Crustal and Lithospheric Variations along the Western Passive Continental Margin of the Indian Peninsula
Abstract - 95
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Keywords

Uncertainties
2-D modeling
Spectral analysis
The western ghats

How to Cite

1.
Prasad M, Dubey CP. Crustal and Lithospheric Variations along the Western Passive Continental Margin of the Indian Peninsula. Glob. J. Earth Sci. Eng. [Internet]. 2023 Dec. 14 [cited 2024 Feb. 22];10:1-13. Available from: https://avantipublishers.com/index.php/gjese/article/view/1410

Abstract

The western passive continental margin (WPCM) of the Indian Peninsula is one of the world's largest and most remarkable escarpments, signifying a boundary between oceanic and continental lithospheres. It traverses distinct lithological units, majorly the SGT, WDC, and DVP, each characterized by distinct geological structures, geochronological histories, and petro-physical properties. Despite numerous research efforts, the exact mechanisms governing the WPCM evolution and its developmental connections remain unclear due to limited data and significant uncertainties. In our study, we meticulously analyzed global and local models, focusing on the Western Ghats (WG), to examine crust and lithosphere thickness. Our analysis revealed significant uncertainties in crustal and lithospheric variations, with a maximum difference of 10.68% in crust thickness and 20.04% in lithospheric thickness across different major lithological formations in the WG. These differences can have a substantial impact on the geodynamic analysis of lithospheric structures and tectonic evolution. Additionally, we developed a 2-D lithospheric density model over the WG, crossing the major geological units, which delineates the crust and lithospheric structure between the eastern and western sides of the escarpment. Our results, in conjunction with geomorphological data, suggest that the WPCM’s thick lithosphere with elevated topography illustrates a continuous upwarp, supported by flexural compensation of uplifted terrain. The movement of the Indian plate, primarily in the N-S and NW-SE directions, subsequently modified the entire escarpment. This model offers insights into the evolution of the WPCM and potentially contributes to the formation of the NE-SW fault in the southern part of the South Indian Shield, with potential implications for the Palghat gap.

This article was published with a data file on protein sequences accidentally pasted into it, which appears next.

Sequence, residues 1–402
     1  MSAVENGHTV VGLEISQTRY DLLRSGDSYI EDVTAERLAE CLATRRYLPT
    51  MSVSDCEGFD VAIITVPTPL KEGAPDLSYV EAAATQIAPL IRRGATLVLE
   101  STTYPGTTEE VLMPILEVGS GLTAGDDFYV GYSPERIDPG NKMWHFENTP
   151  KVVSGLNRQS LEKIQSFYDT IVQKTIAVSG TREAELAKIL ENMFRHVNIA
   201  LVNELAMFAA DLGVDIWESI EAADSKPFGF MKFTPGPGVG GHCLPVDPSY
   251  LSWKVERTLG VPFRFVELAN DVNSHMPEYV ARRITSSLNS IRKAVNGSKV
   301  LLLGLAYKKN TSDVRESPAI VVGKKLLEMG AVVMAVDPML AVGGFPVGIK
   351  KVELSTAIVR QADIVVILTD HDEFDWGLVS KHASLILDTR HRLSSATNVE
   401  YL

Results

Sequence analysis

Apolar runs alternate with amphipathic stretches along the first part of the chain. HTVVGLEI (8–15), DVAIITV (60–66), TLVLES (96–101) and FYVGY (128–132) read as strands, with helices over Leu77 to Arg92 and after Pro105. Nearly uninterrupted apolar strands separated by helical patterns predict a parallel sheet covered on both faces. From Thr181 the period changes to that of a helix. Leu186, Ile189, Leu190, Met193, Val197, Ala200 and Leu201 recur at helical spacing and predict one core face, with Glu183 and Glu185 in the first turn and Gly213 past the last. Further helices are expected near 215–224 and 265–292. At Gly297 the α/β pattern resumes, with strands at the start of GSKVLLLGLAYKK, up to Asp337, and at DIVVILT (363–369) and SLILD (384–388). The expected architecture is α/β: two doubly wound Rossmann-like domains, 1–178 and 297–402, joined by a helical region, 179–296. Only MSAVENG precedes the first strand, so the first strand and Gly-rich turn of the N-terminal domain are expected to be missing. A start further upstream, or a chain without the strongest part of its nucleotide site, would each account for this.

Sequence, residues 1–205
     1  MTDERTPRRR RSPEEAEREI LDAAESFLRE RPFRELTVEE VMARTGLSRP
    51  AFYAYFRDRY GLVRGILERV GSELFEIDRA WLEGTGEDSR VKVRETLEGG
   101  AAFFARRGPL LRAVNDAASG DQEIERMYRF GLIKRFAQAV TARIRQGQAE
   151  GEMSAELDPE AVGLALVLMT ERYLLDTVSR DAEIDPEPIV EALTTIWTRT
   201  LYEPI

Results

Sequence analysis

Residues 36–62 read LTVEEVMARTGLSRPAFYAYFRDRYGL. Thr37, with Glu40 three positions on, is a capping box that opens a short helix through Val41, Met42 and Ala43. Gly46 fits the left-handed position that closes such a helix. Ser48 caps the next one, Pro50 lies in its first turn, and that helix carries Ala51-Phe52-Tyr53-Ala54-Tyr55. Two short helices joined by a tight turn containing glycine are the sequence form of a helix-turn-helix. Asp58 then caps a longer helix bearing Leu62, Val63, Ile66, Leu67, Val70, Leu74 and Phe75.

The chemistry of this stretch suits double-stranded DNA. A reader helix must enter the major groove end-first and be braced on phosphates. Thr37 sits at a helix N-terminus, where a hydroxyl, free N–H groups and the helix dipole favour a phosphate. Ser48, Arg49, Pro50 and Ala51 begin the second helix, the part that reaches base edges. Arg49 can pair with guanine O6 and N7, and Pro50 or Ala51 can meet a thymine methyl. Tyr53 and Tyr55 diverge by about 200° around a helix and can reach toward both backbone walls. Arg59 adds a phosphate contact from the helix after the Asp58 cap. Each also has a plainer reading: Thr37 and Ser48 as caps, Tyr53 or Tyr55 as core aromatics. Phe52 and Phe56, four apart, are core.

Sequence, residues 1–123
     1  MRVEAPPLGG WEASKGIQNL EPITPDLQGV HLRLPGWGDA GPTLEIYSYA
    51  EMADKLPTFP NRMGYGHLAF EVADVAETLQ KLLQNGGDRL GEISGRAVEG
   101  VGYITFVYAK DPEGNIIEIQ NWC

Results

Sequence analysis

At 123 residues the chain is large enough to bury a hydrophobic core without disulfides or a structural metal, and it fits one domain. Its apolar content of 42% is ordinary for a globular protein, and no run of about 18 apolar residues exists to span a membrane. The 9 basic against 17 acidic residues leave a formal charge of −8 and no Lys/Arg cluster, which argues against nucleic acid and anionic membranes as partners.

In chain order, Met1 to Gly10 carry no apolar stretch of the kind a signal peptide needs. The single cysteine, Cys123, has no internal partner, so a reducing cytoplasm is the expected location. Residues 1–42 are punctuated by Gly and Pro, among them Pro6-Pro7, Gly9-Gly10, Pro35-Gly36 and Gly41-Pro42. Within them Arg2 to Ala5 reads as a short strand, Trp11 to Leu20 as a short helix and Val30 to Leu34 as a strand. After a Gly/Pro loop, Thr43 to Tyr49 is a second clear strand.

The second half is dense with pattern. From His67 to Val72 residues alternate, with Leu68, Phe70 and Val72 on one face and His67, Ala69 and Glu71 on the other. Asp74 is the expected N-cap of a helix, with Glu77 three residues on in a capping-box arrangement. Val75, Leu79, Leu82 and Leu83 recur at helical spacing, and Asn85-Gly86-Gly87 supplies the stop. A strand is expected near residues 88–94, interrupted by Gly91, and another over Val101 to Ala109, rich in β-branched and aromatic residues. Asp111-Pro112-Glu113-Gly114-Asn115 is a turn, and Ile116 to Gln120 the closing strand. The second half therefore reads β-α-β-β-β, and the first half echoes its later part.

https://doi.org/10.15377/2409-5710.2023.10.1
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